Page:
Sunday, February 8, 2009
The Passion of … : The Wrestler
Singers don’t stop being singers because the crowd goes away. A musician’s talent is just as significant alone beside a campfire as in public before screaming fans. Competitive athletes can challenge one another, or themselves, as authentically on empty fields, courts and fairways as in sold-out stadiums, gymnasiums and golf courses. But what about professional wrestlers – hybrids of artistry and athleticism? For them, it’s different. Theirs is a craft that relies upon the response of an audience. When the crowd goes away, the skills of a professional wrestler become irrelevant. Magicians can relate. So can comedians. So can strippers.
Darren Aronfsky’s The Wrestler finds two of these audience-dependent performers losing their significance. Mickey Rourke is Randy “The Ram,” a somebody of professional wrestling two decades ago who is now just slightly more than a nobody. Marisa Tomei is Cassidy, a stripper with a rock-hard body that most 20-year-olds would envy and a face that reveals her double-that age. In image-based businesses, Randy and Cassidy no longer fit the prototypes. They are like Mouseketeers who have outgrown their ears. Once the ideal, they have become novelty acts perilously close to losing their novelty. That’s what they have in common. What separates them is the degree to which they self-identify by their professional personas. Randy, whose real name is Robin, has played his stage character so long that he struggles to find the private man inside. Cassidy, whose real name is Pam, steadfastly separates her professional role from her private life, struggling only when the lines begin to blur. And so it goes.
The Wrestler examines the inevitable loneliness that plagues those who must please others in order to please themselves. The self-centeredness that has estranged Randy from his daughter Stephanie (Evan Rachel Wood) belies the darker truth that Randy lives for the approval of others. Stephanie gets the shaft simply because she is one small voice competing against the full-throated cheers of Randy’s adoring fans – dwindling though they may be. Randy will do anything to entertain them: Bleach his hair. Bronze his body. Ingest steroids. Risk “bitch tits.” Cut himself with a razor blade. Put his life on the line. If you know anything about professional wrestling, you know that Randy’s bloody match against Necro Butcher isn’t the norm. Getting bashed with a folding chair is one thing. Wrestlers allow staples to be driven into their skin or windows to be shattered over their head only when they are desperate. In Randy’s prime, he wouldn’t have stooped so low. Back then, he didn’t need to. The cheers came easily.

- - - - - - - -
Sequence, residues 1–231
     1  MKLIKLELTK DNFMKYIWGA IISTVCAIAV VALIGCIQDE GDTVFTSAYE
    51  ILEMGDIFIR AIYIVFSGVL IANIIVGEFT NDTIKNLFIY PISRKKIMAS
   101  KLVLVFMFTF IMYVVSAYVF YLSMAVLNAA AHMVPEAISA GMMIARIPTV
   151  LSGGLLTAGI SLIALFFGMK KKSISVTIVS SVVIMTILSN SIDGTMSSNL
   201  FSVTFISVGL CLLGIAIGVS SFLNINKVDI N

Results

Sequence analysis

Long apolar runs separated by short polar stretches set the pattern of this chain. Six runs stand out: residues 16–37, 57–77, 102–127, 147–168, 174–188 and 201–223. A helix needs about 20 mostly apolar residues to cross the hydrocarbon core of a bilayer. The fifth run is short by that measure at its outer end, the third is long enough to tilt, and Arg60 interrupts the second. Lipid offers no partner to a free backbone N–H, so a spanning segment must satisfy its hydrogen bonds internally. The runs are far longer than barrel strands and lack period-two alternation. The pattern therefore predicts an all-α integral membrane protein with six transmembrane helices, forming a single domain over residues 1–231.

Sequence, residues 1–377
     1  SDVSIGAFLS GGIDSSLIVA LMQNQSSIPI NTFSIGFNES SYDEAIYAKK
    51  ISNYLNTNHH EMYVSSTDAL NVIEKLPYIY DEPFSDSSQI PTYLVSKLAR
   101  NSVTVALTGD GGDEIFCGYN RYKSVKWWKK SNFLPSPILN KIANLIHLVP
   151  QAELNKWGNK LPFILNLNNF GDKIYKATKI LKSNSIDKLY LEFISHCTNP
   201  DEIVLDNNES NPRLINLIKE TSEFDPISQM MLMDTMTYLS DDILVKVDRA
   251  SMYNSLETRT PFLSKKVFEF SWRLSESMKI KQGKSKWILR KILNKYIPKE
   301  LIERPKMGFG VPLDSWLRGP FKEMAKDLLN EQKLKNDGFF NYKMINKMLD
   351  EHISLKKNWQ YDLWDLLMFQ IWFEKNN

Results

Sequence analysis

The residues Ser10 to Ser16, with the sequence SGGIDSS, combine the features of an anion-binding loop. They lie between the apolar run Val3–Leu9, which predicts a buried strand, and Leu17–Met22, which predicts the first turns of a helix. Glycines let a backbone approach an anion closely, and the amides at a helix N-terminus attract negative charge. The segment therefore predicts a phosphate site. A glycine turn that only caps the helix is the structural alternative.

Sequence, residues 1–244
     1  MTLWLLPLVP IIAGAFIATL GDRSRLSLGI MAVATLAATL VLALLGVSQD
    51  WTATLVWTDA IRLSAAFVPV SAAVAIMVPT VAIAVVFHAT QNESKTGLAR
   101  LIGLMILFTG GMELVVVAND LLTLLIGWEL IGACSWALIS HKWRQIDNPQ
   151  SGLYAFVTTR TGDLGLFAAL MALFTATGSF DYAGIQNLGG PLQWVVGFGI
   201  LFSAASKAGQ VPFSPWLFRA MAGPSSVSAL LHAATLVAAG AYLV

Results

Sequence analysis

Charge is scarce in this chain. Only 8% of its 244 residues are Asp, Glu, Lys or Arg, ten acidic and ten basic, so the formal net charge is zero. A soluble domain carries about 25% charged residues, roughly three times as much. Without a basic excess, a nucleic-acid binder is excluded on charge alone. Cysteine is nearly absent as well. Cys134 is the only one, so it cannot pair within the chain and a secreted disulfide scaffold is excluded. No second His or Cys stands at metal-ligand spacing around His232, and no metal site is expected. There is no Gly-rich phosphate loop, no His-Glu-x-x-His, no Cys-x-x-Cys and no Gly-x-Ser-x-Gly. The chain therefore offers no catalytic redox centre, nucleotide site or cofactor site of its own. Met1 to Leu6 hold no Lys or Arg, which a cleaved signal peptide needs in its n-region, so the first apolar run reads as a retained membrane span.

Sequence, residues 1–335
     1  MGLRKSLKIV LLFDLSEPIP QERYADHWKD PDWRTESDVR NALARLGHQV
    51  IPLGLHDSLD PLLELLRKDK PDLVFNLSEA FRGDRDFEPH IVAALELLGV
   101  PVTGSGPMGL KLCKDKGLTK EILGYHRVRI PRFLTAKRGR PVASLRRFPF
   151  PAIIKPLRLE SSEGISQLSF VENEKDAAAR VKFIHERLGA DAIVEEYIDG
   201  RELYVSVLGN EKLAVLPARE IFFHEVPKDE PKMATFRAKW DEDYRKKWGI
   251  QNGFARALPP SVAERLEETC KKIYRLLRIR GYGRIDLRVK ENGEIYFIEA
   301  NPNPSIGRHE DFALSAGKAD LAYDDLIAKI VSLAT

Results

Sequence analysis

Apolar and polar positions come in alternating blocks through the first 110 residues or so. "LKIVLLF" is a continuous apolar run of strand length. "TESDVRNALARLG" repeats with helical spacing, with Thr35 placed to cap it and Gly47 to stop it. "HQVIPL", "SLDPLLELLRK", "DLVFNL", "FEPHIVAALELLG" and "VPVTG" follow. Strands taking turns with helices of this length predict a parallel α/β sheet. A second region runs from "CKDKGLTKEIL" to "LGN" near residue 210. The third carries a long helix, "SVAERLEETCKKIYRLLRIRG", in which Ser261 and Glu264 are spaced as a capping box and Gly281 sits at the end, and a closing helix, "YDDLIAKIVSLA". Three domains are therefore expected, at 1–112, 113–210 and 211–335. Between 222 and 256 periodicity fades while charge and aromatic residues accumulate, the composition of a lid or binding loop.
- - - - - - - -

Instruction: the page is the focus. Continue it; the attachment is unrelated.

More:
This much we know without ever seeing it. One of the strengths of The Wrestler is the way it conveys Randy’s previous stardom with little overt exposition and without the use of flashbacks. The montage of glowing glory-days headlines that runs during the opening credits lays the foundation, but more effective are the numerous “locker room” scenes in which Randy interacts with other wrestlers. Most of these much-younger men now have more talent than Randy, but they don’t have his fame, and, as they’d say in Bull Durham, they’ve never been to The Show. Randy is a fallen star, but in that context the word star still applies. Randy’s peers of long-shots and no-shots positively adore him. He is for them a mythic figure. Their childlike awe in his presence is painfully sweet. Baseball fans might note how the wrestlers’ reactions to The Ram resemble the memorable scene at the 2002 All-Star Game when Ted Williams was wheeled onto the field and players broke ranks to get up close to the legend.